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Barbados / Special Interests / Flowers & Gardens

By James Henderson

Barbadian gardens are some of the prettiest in the Caribbean. Even around the smallest home you will find crotons (brightly coloured perennial leaves) and bougainvillaea or hibiscus. And hotel gardens are often wonderfully landscaped and can be particularly interesting if you do not know tropical flora well. Hotel gardeners can be fun to talk to. Get them to tell you the local names for the various plants, which are colourful in a different way - check mother-in-law’s tongue and lobster claw. The most interesting public garden in Barbados is Andromeda on the Atlantic coast, but the others, including the Flower Forest and Hunte's, are delightful too and certainly worth a look.

The best time of year for flowering is in the dry winter season between January and March. The Barbados Horticultural Society (BHS) has its annual flower show at Balls Plantation in Christ Church towards the end of January, as well as a programme of Open Gardens, which runs between January and March. Also, the BHS has been very involved with the RHS Chelsea Flower Show in London. In just over twenty years to 2013, they have won an impressive fifteen Gold and ten Silver-Gilt Medals in the Great Pavilion. In 2006 the Barbados Flower Arranging Society also won both the Gold Medal and the Best in Show award in the Flower Arrangement category. The Flower Forest has a new owner who has greatly added plants to the garden and had some of his plants at Chelsea Flower Show.

Many tropical plants carry the name Barbadensis in the Latin system of plant classification, indicating that they originate in the island. Though some do, in fact it is not true in many cases. In the great days of the ‘plant hunters’ in the late 1700s and early 1800s, when adventurers were transporting plants around the world, Barbados was used a holding station for Kew Gardens. After quarantine on the island they were shipped off to Britain and the name Barbadensis has stuck despite the fact that many of these plants come from other parts of the world.

Public gardens in Barbados include:

Andromeda Botanic Gardens, Bathsheba - A six acre garden started as a private plant collection around the home of the late horticulturalist, Iris Bannochie in 1954. There are over six hundred different species of plants on view, laid out in a series of ‘rooms’, spaces sectioned by borders and stone walls. Andromeda was left to the people of Barbados in 1988 and is now run by the Barbados National Trust. There is a gift shop and small café. Open daily, 9am-5pm.

C O Williams Flowers, Canefield Plantation - Commercial growers of anthuriums, ginger lilies and heliconias who supply local florists and businesses. They also produce specimens for the Barbados Horticultural Society’s award winning displays at the RHS Chelsea Flower Show in London. They have an intriguing array of anthuriums which can vary in size, shape and colour – large green and pink heads to a striking purple. There is a small show garden (the greenhouses are not open to the public) and you can purchase cut flowers. They also have a mixed fruit orchard. Open week days only.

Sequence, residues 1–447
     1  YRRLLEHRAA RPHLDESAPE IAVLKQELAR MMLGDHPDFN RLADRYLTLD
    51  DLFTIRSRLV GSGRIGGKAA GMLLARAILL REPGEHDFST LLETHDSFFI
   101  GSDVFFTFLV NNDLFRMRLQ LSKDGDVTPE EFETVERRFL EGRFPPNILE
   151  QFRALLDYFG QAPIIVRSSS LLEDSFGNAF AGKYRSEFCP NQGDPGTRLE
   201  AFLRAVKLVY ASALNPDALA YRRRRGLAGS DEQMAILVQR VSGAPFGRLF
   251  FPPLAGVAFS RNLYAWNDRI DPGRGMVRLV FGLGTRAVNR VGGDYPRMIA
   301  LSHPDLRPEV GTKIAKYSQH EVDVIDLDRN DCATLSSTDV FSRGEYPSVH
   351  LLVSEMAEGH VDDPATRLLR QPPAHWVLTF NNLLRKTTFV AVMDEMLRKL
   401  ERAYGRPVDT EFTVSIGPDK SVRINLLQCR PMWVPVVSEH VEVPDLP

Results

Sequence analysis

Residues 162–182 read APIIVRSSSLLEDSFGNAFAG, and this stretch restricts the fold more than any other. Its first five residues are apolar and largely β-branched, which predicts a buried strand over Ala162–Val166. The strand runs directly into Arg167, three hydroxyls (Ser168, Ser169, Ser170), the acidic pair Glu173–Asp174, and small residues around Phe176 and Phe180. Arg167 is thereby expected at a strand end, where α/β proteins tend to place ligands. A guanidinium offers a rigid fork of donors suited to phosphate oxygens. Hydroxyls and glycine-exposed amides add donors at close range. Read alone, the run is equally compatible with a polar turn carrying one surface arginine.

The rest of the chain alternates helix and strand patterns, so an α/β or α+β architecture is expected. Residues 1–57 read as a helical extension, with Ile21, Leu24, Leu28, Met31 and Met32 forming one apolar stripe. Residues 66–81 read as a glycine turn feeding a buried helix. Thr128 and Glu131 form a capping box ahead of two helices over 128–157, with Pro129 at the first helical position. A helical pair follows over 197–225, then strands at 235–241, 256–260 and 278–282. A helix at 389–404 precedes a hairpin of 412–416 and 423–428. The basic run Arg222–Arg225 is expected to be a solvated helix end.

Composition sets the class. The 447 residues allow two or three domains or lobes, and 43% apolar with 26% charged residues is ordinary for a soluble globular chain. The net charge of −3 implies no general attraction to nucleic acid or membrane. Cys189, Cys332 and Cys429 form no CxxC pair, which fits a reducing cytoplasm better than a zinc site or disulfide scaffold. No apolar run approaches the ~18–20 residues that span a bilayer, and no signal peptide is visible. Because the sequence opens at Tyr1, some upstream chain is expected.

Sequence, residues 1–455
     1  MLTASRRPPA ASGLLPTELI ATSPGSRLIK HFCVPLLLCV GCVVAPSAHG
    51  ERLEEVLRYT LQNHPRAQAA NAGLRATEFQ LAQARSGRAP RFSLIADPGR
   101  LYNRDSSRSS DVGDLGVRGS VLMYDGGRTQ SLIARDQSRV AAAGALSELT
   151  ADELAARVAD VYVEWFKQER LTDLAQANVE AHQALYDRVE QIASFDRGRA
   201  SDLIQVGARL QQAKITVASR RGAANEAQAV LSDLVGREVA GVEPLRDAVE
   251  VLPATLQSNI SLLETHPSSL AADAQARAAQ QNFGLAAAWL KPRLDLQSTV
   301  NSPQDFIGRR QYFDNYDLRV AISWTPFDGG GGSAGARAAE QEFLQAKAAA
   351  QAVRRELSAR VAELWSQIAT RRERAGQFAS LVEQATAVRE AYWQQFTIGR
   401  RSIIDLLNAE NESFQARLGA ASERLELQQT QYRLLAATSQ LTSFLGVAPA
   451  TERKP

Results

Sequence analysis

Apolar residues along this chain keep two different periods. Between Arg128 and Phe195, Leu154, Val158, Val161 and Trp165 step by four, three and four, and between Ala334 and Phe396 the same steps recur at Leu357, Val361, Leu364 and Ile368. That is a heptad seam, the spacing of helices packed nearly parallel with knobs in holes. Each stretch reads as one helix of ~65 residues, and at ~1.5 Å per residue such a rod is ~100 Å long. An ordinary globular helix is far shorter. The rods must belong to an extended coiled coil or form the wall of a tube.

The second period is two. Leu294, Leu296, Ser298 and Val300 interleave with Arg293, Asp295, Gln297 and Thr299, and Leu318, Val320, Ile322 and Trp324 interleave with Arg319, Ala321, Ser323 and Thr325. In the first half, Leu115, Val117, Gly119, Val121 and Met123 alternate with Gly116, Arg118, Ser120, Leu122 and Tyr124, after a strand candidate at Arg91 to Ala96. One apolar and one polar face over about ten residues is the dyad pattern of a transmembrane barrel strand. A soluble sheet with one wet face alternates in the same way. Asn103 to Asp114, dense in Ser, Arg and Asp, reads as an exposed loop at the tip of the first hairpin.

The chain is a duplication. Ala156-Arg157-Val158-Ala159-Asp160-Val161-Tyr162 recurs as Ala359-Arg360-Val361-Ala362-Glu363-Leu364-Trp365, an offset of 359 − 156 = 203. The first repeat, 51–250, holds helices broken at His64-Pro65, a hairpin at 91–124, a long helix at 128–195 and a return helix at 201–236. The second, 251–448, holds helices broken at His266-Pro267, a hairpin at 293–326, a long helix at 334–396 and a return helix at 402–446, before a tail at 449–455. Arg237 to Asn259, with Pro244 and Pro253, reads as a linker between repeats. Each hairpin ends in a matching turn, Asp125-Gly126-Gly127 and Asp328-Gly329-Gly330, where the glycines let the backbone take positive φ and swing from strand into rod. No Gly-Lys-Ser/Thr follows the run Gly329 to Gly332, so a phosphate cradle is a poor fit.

Flower Forest, Richmond - A fifty acre, lush, tropical garden with a nature trail and lovely views to the east coast. The gardens are stocked with a variety of heliconia, hibiscus, red ginger lilies, torch ginger and palms. The area of lawn with a gazebo at the heart of the garden has excellent views and is often used for weddings. Snack bar and gift shop. Wheelchair access and facilities, though the trails can be bumpy. Open daily, 9am-5pm.

Hunte's Gardens, Castle Grant - Delightful gardens created on the site of a former sugar plantation by the owner, Anthony Hunte, who lives on property. The slopes of a small gully have been completely filled with all manner of flowering shrubs and plants, of varying shapes, sizes and colours. There are hundreds of tropical plants from all over the world here, including South America and Thailand. Down in the gully is a lovely area of lawn with a wicker table and chairs where you can sit and admire the surrounding slopes. The gardens and nursery are open daily from 9am to 4pm and the entrance fee includes a rum punch or soft drink. There is no wheelchair access.

Orchid World, Groves - A stunning six acre former pig and chicken farm with around 20,000 orchids on display. Well worth spending an hour or two strolling around the attractive grounds. The best specimens are kept under cover or special netting. Snack bar and gift shop. Open daily, 9am-5pm. There is wheelchair access and facilities, though the trails can be somewhat bumpy.

Welchman Hall Gully, Welchman Hall - A jungle-filled limestone ravine bursting with exotic trees and plants, and a good place for spotting the Barbados green monkey, early morning or late afternoon. If you would like to imagine what Barbados looked like before sugarcane arrived, this is the place to visit. The gully is part of the same geological network as Harrison’s Cave, and you can see limestone formations along the trail. One of the few places where you will find nutmeg trees on Barbados and a rare clove tree. Self guide although guided tours are available with 24hrs notice. A Barbados National Trust property, acquired in 1962. Open daily, 9am-5pm.

Barbados Horticultural Society, Balls Plantation - Balls Plantation is the location of their annual flower show which is normally held towards the end of January

Read more about Barbadian/Caribbean plants.

Non-profit organisations and Government links:

The Barbados National Trust, Wildey House, Wildey, St Michael, t 426 2421, natrust@sunbeach.net | www.nationaltrustbarbados.com Office open Mon-Fri from 8am to 4pm.

Contributors: Deana Bellamy

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